Friday, February 11, 2005

Fashion police back in the day. Not policies: POLICE.

Click please! Check out the raffle! Barefoot Principessa is doing this for the sake of all the precious babies in the world, and there are some awesomely good prizes to be won if you click, go there, and check them out!

I was checking out Michele's latest scavenger hunt, and it took me to Pesky Apostrophe, who was talking about miniskirts and a principal's method of discerning proper length.

She was also talking about a proposed Virginia law that fortunately died before it could be implemented, and I'm still laughing whilst the horrible images she concocted are hovering before my brain.

This is a really good blog, folks. Get over there now and read all about it.

My former school's former principal had a 'thing' about following handbook regulations completely and without footnote.

In the handbook, it stated that female students' shorts MUST BE NO SHORTER THAN THE LENGTH OF THE ARM. Fingertip length.

In real life, however, no two junior high girls' arms are going to be the same length. This rule would allow some girls to wear shorts that didn't even come near the crotch, starting at the waistband, and would force other girls to wear capris. It didn't matter. The handbook ruled.

Every warm day when the shorts came to school, this principal would be patrolling the hallways, putting girls up against the wall and checking out their shorts via their arm length.

This handbook also stated that 'no article of clothing may be worn in a matter for which it was not intended.'

This principal interpreted this to mean that no flannel pants could be worn to school. To her, flannel meant jammies. And jammies were not intended to be worn to school. When it was pointed out to her that flannel pants were being sold in areas of stores where Levis were also being sold, she took another slant.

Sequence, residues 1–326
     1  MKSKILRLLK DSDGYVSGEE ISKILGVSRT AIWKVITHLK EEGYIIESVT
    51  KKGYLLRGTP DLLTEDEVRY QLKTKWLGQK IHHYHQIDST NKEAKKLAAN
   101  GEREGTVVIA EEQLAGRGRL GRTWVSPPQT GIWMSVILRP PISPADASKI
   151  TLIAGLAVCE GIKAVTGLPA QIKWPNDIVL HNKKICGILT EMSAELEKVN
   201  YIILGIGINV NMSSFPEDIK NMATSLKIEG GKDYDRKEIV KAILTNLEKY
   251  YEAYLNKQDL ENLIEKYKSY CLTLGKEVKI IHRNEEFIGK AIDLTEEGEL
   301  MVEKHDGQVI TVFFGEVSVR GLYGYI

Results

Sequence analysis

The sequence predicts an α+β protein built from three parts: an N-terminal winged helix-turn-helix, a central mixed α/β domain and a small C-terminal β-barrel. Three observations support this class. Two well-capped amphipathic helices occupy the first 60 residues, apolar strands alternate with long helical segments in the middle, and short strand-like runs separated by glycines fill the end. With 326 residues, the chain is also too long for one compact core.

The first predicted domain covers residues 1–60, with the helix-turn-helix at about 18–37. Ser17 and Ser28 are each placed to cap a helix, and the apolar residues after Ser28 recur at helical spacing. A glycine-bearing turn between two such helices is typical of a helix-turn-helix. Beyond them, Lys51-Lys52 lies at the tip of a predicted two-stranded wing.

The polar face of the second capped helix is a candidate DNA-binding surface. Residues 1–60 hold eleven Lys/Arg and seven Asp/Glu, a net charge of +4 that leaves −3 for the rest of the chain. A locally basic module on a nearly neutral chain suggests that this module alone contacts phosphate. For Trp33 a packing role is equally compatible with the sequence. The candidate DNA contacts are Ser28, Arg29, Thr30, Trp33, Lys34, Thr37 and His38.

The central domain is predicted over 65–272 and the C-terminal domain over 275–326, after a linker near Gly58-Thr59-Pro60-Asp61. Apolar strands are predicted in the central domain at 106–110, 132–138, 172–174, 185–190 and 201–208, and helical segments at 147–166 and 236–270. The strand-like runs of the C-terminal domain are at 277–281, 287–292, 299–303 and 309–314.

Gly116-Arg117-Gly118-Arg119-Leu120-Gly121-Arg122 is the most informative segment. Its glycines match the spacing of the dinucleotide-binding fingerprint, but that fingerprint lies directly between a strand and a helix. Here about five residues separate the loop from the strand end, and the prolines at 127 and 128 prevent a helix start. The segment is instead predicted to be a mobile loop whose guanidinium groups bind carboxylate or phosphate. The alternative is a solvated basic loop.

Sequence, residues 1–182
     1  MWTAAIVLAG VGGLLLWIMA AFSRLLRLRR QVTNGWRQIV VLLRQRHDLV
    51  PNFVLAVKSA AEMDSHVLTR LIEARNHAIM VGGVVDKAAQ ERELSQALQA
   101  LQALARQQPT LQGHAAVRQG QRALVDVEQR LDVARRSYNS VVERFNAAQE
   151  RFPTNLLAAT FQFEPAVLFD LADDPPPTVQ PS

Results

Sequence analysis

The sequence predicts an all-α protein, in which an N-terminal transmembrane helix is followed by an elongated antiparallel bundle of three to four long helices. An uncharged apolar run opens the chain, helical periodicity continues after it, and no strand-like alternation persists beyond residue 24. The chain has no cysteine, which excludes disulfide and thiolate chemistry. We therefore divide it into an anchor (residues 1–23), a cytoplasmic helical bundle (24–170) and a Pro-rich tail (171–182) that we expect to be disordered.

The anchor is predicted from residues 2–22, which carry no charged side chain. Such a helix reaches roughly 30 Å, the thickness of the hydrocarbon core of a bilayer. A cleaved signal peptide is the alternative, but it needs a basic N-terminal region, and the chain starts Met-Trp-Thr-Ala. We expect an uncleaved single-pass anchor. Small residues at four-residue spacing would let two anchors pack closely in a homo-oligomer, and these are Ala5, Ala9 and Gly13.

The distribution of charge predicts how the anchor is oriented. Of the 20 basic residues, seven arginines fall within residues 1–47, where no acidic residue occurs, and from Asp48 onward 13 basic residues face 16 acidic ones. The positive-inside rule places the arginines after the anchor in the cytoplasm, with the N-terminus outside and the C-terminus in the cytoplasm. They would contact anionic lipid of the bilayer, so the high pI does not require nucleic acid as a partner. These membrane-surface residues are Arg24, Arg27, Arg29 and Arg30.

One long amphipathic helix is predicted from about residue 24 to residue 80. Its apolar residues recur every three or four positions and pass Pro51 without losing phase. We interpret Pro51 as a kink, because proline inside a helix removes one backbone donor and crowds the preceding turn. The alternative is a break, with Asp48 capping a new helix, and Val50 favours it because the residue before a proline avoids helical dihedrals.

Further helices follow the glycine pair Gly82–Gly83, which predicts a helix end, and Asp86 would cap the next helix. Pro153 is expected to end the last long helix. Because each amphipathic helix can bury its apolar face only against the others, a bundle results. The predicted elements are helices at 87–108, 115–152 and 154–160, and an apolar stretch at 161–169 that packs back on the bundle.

She would come into a classroom, search for flannel pants, and then put the child against the wall and check for a zipper or buttons, or the word "nightwear" on the label.

If the flannel pants had no solid means of closure, they were jammies, and the child was sent home to change into school clothes.

Sometimes the child came to school wearing warm flannel pants that covered half the body, only to be sent home, and return in shorts that barely covered the subject, if you get my drift.

This principal used to patrol the hallways, pulling along beside her the skeleton from the health room, and use the skeleton to show random kids what was meant by 'shorts at arm's length.'

Can you even picture it? A principal, pulling a real skeleton on a wheeled rack, stalking up and down the hallways, stopping kids in groups and demonstrating 'arm's length' with a skeleton?

She also demonstrated this 'arm's length' rule at a convocation, wearing shorts herself and pulling them up to her crotch to show the 'right' and 'wrong' lengths. This did not endear her to the student population, as it revealed skin that NOBODY wanted to see. EVER.

Pesky Apostrophe blogged about how her mother, back in the sixties, had to kneel before the principal and have her miniskirt measured. I remember those days well, because we still wore miniskirts in the early seventies. The school nurse made us kneel, and if our skirts didn't touch the floor, we were sent home. This was before the days of pantyhose, too; I remember how hard it was to keep our garters hidden in those short skirts. Not the sexy lacy garters of today; these were UNDERWEAR garters; white and hideous and attached to an equally ugly girdle. Gross. They were just. . . . . gross.

I think what I remember most about high school in the late sixties and early seventies was the fact that the popular girls got by with just about any skirt length and underwear exposure, and certain other groups of girls got by with nothing.

Oh wait. It's still that way.

Never mind.

My miniskirts were size five.

This number is something else that's changed considerably. I'd tell you what it is now, but I'm really not that good at math. It would involve a calculator, and a really big number. And when I say "really big number," what I really mean is, a REALLY big number. You don't want to know. Honest, you don't.
Posted by Mamacita (The REAL one) @ 1:07 PM | |


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